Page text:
It was now clear to me that every session that was created, and accessed the Weld Bean Manager, was holding references and not letting go, even after logging the users out, even after the server session timeout.
I did not need to restart the test, i just needed to take a look in the heap map. If it was like this, i should have had a session left for each and every one of the virtual users i have used.
Analyzing the Heap Map
In order to analyze the current heap map, you can easily do so by calling the “jmap” utility, part of the JDK. The syntax is:
jmap -histo java_pid
In order to prove my theory, i grepped after EJB31:
jmap -histo java_pid | grep EJB31
150 entries of applicationname.__EJB31_Generated__UserSession__Intf____Bean__
150 entries of applicationname.__EJB31_Generated__WebSession__Intf____Bean__
( i replaced internal names with dummy name)
Digging for the problem
Well, the disadvantage when working with new components and technologies, is that you are most of the time a pioneer. And when you integrate that with the newest application server, well, you will surely get in trouble. I decided to dig for the problem, and see what we can do about it. I will not get into much detail. Important is that the bug was reported in WELD, and was because of the WELD proxies, which were causing memory leaks. Further information in the links below.
https://jira.jboss.org/browse/WELD-483 – Client proxies are using the wrong CreationalContexts sometimes
https://jira.jboss.org/browse/JASSIST-97 – Javassist doesn’t serialize the handler along with the proxy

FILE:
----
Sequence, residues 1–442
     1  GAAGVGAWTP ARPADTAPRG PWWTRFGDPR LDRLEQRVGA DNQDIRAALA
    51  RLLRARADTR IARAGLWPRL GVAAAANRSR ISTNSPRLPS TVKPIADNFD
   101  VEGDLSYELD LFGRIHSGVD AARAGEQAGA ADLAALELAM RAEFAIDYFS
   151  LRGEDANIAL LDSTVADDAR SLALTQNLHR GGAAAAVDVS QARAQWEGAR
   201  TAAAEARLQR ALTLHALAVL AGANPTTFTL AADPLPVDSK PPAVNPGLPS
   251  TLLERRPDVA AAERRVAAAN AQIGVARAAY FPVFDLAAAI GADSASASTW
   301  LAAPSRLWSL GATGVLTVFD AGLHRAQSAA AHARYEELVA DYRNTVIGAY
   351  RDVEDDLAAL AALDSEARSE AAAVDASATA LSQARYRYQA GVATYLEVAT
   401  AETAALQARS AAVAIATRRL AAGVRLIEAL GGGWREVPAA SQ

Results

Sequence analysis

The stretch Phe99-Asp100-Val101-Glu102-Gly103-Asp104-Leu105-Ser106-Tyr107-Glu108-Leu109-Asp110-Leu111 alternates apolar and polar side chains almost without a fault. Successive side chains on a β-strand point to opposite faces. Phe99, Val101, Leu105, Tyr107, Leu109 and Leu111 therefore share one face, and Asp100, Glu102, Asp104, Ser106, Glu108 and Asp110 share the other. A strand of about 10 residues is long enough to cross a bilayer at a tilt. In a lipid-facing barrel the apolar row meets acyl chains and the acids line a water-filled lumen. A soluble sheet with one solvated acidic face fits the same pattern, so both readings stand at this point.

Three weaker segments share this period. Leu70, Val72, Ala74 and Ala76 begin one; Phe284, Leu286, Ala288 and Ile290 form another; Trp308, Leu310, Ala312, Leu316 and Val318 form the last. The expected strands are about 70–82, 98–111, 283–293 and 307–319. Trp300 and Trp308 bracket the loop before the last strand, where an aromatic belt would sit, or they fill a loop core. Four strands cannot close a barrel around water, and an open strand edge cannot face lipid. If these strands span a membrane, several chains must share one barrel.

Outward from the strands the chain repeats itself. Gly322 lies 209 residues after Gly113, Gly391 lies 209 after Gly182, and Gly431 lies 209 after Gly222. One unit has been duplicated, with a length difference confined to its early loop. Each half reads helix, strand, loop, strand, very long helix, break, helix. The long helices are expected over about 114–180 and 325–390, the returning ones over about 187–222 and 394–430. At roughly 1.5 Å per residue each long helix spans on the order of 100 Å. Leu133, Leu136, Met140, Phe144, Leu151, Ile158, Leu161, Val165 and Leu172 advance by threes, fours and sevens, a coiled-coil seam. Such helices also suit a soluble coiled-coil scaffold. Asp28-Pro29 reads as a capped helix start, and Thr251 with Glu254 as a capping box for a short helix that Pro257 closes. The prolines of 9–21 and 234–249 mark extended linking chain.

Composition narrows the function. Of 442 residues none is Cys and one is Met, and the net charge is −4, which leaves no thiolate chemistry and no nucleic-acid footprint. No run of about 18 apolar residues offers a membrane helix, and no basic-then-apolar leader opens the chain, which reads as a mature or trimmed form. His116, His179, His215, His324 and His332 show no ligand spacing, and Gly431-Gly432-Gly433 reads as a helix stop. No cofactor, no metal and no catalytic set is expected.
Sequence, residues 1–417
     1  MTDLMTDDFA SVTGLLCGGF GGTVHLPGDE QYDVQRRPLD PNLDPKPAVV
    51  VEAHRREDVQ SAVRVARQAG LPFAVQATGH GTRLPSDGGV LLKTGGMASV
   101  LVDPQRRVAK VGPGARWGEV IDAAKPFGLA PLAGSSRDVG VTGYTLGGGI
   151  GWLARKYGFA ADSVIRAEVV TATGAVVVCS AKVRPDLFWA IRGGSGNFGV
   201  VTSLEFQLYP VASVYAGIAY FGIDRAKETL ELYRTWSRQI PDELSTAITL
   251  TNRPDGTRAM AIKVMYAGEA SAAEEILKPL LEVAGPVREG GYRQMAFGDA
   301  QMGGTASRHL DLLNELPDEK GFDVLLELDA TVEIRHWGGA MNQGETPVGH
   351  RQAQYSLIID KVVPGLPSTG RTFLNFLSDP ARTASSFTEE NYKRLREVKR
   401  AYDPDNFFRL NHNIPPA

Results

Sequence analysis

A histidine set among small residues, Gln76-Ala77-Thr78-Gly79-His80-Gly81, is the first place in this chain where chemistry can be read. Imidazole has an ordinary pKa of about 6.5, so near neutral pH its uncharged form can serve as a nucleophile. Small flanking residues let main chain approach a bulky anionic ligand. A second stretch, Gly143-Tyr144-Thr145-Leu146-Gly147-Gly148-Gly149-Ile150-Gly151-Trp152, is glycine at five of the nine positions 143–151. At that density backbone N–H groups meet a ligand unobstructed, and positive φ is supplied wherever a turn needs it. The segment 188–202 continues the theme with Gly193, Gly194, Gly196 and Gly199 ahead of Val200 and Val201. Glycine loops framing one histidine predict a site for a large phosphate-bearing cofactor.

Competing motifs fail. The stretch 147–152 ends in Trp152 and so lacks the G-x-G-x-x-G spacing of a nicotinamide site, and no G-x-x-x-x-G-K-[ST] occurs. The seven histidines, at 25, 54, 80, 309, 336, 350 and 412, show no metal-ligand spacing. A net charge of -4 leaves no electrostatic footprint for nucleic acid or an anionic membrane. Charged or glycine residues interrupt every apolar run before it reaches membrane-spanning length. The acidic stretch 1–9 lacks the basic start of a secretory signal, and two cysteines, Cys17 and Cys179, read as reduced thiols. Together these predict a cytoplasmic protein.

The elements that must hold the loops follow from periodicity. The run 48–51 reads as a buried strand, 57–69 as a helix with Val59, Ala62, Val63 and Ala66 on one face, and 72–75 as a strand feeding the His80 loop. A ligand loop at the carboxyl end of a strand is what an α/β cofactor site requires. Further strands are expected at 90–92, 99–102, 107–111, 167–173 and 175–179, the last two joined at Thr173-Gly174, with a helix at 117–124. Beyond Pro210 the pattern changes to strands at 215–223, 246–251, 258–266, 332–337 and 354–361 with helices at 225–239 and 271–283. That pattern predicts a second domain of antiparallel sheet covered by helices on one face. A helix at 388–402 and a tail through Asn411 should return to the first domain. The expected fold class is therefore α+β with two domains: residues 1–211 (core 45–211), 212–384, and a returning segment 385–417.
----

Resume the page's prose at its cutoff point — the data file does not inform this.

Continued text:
http://forums.java.net/jive/thread.jspa?messageID=480423&tstart=0 – 90 % of memory was used by org.jboss.weld.* instances
https://jira.jboss.org/browse/WELD-570 – Partial export of javasisst from Weld breaks other javasisst clients
http://forums.java.net/jive/thread.jspa?messageID=479092 – glassfish v3.01 CDI with jersey – memory leak ?
http://markmail.org/search/?q=list%3Anet.java.dev.jersey.users#query:list%3Anet.java.dev.jersey.users+page:2+mid:mivoffy5wawwdcev+state:results – memory leak with cdi
Dealing with the problem
Now, as we knew for sure that this was a component problem (WELD in our case), Lars thought of turning back to plain old JSF for EJB injection, and therefore bypassing the WELD component. So he came yesterday to me, with a redesigned version of our application, completely WELD free.
These were the results ( pretty much the same load configuration)
Visual VM Monitoring of CPU and Heap Usage
And this was the memory footprint after analyzing the garbage collection log:
Just great. After the users log out, the next full garbage collection frees up the space, completely!
Again, a typical case where one does not need to know much about the application. One must remember what he can see: CPU, Heap Usage, Network, I/O, Consumers.
As for us, we will probably wait for an update of Glassfish to release 3.1, where the WELD problem has been reported as fixed.
Tomorrow will be a great day for science, again.